Because of my unconventional approach to my fiber art, the question I’m most often asked is “How did you think of that?”  My answer varies depending upon which of my pieces is being discussed.  I often reply “Well, why wouldn’t I think of that?”

It wasn’t until I began lecturing to large groups of quilters that I began to realize that not all brains think alike.  What seems so logical to me may not seem logical to another.  I guess it’s the reason why quilting groups are so diverse.  The words ART QUILT often terrify the more traditional quilter, while some art quilters couldn’t follow a traditional pattern if their life depended upon it…nor would they want to.  It’s what makes the world go round.

The lower photos accompanying this post show an idea that actually came to me in a dream. I had created C L I C K II February’s Journal which is made up of 16 interchangeable circular pieces connected by plastic belt click closures.

Award winning art quilt which was published in Quilters' Newsletter Feb/Mar 2010

Award winning art quilt which was published in Quilters’ Newsletter Feb/Mar 2010

Since each of the circles is a mini-art quilt, I was looking for a way to display them as singular works.  One night, in a dream, the idea of a frame with closures attached, came to me.  The next morning, over breakfast, I described my vision to my very handy woodworker husband.  After much discussion,  and a little tweaking here and there, the frame was created.  Problem solved.  Each of the 16 pieces can now be clicked into the frame to be displayed on its own.





October on Trout Lake

October on Trout Lake

Each of the circles has a story all its own, but that’s fodder for another post.


An old dog trying new tricks

It’s a brand new year with many opportunities coming my way, always a happy surprise.  My life never ceases to amaze me.  Never could I have imagined life in my seventies being the magical ride it is.

Recently, out of the blue, I have received two requests for the upcoming year, a one-woman show in a prestigious art gallery and an opportunity to sell my wares along with a fellow fiber artist  at a high-end gallery next December.  I am intrigued by both possibilities which has sent my brain into over-drive. What will I show?  What can I come up with that will appeal to the masses?

One of the classes I will be teaching at this year’s Vermont Quilt Festival is Think Small. Why not take my own advice and Think Small?  What can I create that won’t take my usual months to complete?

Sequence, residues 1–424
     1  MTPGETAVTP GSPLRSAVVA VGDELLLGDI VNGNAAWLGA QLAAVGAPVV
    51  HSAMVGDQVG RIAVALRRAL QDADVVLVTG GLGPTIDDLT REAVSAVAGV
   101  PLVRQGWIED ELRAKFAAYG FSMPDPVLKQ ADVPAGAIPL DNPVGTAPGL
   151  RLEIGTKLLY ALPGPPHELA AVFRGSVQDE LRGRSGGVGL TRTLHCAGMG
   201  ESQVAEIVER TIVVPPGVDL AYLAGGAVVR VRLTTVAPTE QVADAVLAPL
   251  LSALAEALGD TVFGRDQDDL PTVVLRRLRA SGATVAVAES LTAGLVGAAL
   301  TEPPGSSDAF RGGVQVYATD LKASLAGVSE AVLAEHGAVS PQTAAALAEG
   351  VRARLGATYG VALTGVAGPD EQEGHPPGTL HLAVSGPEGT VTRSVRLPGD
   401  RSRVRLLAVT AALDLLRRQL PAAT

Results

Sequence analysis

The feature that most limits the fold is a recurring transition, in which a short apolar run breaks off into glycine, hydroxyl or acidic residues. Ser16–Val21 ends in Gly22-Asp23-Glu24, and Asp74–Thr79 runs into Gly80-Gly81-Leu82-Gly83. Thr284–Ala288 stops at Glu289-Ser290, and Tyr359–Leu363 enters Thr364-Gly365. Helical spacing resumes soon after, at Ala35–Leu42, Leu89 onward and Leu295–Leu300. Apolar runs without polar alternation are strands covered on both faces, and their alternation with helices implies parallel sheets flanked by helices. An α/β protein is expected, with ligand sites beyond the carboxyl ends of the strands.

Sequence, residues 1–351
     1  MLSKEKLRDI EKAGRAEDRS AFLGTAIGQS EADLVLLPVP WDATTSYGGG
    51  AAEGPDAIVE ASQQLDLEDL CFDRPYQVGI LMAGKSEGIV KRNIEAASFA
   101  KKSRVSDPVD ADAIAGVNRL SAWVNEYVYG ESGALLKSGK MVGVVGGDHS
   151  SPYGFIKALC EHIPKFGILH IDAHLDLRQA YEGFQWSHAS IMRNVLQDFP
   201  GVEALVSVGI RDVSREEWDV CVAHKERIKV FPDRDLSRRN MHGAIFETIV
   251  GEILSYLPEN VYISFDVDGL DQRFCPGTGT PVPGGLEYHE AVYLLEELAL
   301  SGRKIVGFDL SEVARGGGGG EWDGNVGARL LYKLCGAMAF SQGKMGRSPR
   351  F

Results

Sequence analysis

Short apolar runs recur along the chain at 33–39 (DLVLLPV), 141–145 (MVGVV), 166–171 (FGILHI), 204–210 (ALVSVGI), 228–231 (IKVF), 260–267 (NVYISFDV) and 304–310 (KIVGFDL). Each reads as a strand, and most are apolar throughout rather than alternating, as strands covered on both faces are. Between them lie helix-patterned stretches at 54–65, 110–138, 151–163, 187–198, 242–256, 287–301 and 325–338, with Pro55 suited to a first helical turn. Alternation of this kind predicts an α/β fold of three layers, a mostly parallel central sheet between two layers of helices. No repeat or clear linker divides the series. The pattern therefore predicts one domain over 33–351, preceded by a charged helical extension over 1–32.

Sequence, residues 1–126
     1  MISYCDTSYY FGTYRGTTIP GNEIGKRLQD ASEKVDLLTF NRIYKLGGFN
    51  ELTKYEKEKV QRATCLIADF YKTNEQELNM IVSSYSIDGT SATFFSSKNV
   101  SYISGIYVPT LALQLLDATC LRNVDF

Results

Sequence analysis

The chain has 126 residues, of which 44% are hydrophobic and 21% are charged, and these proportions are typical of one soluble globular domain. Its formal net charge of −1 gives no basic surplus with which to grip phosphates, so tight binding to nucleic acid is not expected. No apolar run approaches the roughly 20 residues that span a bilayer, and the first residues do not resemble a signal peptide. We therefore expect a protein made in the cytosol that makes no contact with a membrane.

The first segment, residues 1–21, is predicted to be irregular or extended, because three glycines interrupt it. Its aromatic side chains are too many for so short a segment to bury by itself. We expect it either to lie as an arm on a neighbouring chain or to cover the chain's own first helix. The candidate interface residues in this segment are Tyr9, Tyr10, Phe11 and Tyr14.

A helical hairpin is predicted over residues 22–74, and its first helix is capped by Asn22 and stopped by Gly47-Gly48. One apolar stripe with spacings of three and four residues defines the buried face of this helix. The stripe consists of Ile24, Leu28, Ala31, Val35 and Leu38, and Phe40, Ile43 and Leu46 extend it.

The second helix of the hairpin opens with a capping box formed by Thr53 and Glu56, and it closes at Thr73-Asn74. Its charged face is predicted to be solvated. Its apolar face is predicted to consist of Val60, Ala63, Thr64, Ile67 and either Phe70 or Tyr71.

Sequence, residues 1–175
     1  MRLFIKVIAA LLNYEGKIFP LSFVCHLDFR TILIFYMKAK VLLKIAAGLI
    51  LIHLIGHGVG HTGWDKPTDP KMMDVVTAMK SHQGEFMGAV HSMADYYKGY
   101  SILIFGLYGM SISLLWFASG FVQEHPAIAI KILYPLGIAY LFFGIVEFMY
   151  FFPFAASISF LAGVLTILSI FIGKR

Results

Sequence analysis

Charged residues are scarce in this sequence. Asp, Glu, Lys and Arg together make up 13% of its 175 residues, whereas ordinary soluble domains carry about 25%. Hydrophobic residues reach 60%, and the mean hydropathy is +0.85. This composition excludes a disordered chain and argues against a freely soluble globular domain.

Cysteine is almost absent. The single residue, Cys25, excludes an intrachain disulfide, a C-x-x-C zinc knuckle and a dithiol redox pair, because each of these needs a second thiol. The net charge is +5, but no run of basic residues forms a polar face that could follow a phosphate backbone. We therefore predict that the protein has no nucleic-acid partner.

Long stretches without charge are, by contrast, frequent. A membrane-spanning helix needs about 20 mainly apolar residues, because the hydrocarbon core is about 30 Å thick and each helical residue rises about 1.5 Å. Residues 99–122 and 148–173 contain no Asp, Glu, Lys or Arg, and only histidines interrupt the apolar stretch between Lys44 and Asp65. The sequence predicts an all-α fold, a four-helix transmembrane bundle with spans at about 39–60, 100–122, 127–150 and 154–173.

For the past couple of days, I’ve been sketching ideas and then playing with them at my sewing machine.  I’ve never attempted thread painting and decided to give it a try.  I was very pleased with my first attempt, Winter’s Chill, shown below, and have decided this is something I may want to explore further.  It turned out to be much easier than I had anticipated.

As usual, one idea leads to another and another.  My feeling is that I’ll spend the week thread painting a variety of trees on those wonderful batik fabrics I’ve saved for just the right project.

More to follow.

Winter's Chill

Winter’s Chill

As promised.  Today’s attempt at thread painting hemlock branches on a batik background.

thread painted hemlock

thread painted hemlock


Play Time

Leaves made of house wrap

Leaves made of house wrap

Today’s cold wind has October’s  fallen leaves blowing in every direction. It seemed like the perfect day to put a few more finishing touches on my latest piece using the leaves I made last month of melted house wrap.

As a backdrop for my leaves, I chose a piece of black fabric that I had discharged with bleach.  It reminded me of the splotches of sunlight and color one sees when driving the forest-lined highways this time of year. I’m now rethinking that decision. To accent, I decided a copper-colored border on just two sides would do the trick. I’m also rethinking that decision.  I then quilted a wind-blown design with copper metallic thread before sewing the leaves down with a copper metallic satin stitch and iridescent seed beads. That decision seems to be OK for now.

I’m not sure exactly where I’m going with this piece, as it just doesn’t feel right yet. I’m fluctuating somewhere between  “Maybe”  and “Yuk”.  Time will tell if this one ends up in the UFO pile. Such is the life of an art quilter.  Right now, I see a new batch of leaves in my future.  Making them is the fun part of the creative process.